Kevin Hart's LOL Network offers Canadian comedians a shot at success
Montreal-based studio among up-and-comers with series on digital network launching Sept. 6
Kevin Hart is launching a new digital comedy network to give potential entertainers a chance to break into the industry. And a Canadian studio is one of his picks.
The actor-comedian, famous for his standup and for films such as Think Like A Man and Ride Along, says he wants to use his success to open doors for "future comedic geniuses."
"Once a comedian coming in looking for opportunities, now I'm a comedian coming in looking to give opportunities," he told CBC News during an exclusive interview in Los Angeles.
"I think there's a difference between being funny and understanding funny. I think there's different levels to it and people who understand that can play into so many variations of what that funny is."
2-minute pitch leads to series
Moving Mind Studio, based in Montreal, was one of the industry newcomers chosen by Hart after a two-minute pitch session during the Just For Laughs festival in 2016.
"He gave us some feedback on the spot," said Ryan George, 28, one of the studio's members. "The fact that Kevin Hart is willing to attach his name to up-and-coming comedians just gives us the boost that we need to make it in the industry."
"You might be funny, but you need someone to vouch for you."
The company's digital comedy series, which premieres when the network and app launch in Canada Sept. 6, is called Campus Law. It looks at college life from the perspective of security guards.
"We're showing the college experience from an angle that's never been explored before," said George in a phone interview from Montreal. "I think he [Hart] appreciated the kind of outside perspective."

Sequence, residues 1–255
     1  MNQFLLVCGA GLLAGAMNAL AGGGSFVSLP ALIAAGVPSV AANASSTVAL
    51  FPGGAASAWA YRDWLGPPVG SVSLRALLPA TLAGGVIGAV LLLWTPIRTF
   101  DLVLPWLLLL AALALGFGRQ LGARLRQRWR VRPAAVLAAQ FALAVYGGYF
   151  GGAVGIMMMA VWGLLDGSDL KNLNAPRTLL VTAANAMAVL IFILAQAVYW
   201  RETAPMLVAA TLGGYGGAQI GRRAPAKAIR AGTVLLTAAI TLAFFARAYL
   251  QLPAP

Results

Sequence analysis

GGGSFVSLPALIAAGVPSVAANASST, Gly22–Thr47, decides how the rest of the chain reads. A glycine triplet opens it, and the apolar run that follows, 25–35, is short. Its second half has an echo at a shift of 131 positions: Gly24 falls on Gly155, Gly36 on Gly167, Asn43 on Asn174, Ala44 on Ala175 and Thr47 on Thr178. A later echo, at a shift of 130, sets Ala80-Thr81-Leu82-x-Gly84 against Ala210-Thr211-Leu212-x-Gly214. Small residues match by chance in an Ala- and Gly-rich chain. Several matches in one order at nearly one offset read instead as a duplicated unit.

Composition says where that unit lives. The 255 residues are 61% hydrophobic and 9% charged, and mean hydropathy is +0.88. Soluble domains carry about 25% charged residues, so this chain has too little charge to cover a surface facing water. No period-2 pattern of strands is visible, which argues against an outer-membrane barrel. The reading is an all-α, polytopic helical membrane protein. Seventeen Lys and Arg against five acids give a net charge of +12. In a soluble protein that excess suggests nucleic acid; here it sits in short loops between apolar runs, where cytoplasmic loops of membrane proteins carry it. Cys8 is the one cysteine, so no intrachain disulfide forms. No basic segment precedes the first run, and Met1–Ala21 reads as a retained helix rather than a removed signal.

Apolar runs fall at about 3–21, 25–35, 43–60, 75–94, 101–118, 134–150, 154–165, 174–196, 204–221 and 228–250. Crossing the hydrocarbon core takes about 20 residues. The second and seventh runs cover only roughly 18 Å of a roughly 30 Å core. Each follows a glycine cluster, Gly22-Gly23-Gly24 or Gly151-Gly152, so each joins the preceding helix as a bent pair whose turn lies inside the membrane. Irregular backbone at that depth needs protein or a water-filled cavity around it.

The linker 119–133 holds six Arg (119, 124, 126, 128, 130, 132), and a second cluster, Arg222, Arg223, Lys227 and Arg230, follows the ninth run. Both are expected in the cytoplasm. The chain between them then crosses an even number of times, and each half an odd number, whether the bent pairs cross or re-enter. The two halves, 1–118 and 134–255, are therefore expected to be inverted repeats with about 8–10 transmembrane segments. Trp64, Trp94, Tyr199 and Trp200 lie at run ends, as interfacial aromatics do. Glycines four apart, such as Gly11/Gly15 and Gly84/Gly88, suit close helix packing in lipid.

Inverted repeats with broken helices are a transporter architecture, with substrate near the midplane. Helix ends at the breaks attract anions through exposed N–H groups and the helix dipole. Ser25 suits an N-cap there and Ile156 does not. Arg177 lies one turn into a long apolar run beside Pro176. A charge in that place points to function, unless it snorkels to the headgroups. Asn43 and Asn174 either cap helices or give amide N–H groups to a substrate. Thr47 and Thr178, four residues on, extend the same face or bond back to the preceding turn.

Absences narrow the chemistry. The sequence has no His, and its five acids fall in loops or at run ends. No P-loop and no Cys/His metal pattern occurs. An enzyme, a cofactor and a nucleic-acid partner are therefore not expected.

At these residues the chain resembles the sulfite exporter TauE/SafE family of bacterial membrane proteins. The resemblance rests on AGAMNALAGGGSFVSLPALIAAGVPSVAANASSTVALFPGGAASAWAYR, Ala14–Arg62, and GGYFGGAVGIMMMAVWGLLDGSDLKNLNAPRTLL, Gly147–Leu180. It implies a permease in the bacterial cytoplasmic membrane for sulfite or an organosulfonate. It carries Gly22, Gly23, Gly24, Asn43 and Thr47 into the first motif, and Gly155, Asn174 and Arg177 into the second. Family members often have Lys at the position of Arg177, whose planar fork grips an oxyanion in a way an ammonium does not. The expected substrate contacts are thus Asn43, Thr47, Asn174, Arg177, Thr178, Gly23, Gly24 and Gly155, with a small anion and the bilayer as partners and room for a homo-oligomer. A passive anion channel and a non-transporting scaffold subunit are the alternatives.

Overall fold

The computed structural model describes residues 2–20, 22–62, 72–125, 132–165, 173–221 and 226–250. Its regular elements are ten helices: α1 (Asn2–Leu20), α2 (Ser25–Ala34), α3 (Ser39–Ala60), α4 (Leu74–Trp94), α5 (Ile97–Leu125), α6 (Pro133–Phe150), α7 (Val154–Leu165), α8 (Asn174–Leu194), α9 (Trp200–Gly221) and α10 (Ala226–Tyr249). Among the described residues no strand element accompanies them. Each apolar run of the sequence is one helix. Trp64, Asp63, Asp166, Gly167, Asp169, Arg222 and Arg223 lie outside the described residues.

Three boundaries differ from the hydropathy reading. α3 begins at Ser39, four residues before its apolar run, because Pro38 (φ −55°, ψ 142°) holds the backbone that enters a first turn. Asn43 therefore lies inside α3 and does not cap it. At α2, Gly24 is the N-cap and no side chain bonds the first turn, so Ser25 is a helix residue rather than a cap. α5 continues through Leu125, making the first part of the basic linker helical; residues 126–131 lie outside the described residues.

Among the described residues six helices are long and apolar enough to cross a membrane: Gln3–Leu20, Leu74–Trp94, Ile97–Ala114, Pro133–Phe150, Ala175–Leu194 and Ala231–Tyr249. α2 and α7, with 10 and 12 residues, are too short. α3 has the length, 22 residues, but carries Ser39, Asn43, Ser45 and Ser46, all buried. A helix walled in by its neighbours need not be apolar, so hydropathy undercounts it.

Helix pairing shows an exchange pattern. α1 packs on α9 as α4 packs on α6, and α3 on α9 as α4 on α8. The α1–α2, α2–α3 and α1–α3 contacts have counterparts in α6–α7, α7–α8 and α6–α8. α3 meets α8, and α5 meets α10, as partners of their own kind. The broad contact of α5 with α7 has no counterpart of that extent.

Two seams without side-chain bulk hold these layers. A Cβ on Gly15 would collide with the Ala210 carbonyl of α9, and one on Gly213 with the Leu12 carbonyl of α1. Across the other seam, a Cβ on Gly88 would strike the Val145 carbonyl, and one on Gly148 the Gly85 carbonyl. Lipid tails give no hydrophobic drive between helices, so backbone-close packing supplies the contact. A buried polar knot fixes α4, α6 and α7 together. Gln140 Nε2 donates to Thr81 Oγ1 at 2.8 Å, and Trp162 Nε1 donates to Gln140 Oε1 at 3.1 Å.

'He invested himself in our voice'
"We're just welcoming talent that doesn't mind taking a risk or doing the unexpected," said Hart.
Those risks could pay off, says Bruce Hills, Just for Laughs's chief operating officer, but LOL has a strong competitor: Netflix.
"Right now, they own comedy for all intents and purposes globally," said Hills. "If you can figure out a niche that speaks to comedy fans, I think you have a chance for success."
Whether the network succeeds as a whole, standout newbies are getting a higher profile because of it.
George, who's been working in comedy for seven years, says "with so many people out there," it can be "difficult to differentiate us from the pack." Campus Law, he says, couldn't have been made without help from Hart.
"This idea was just sitting on our shelf until an opportunity came up. And to be honest, we didn't know if it ever would," said George.
"He invested himself in our voice. His involvement was creating an environment where we could make a show that we wanted to make."
With files from Sebastian Cushing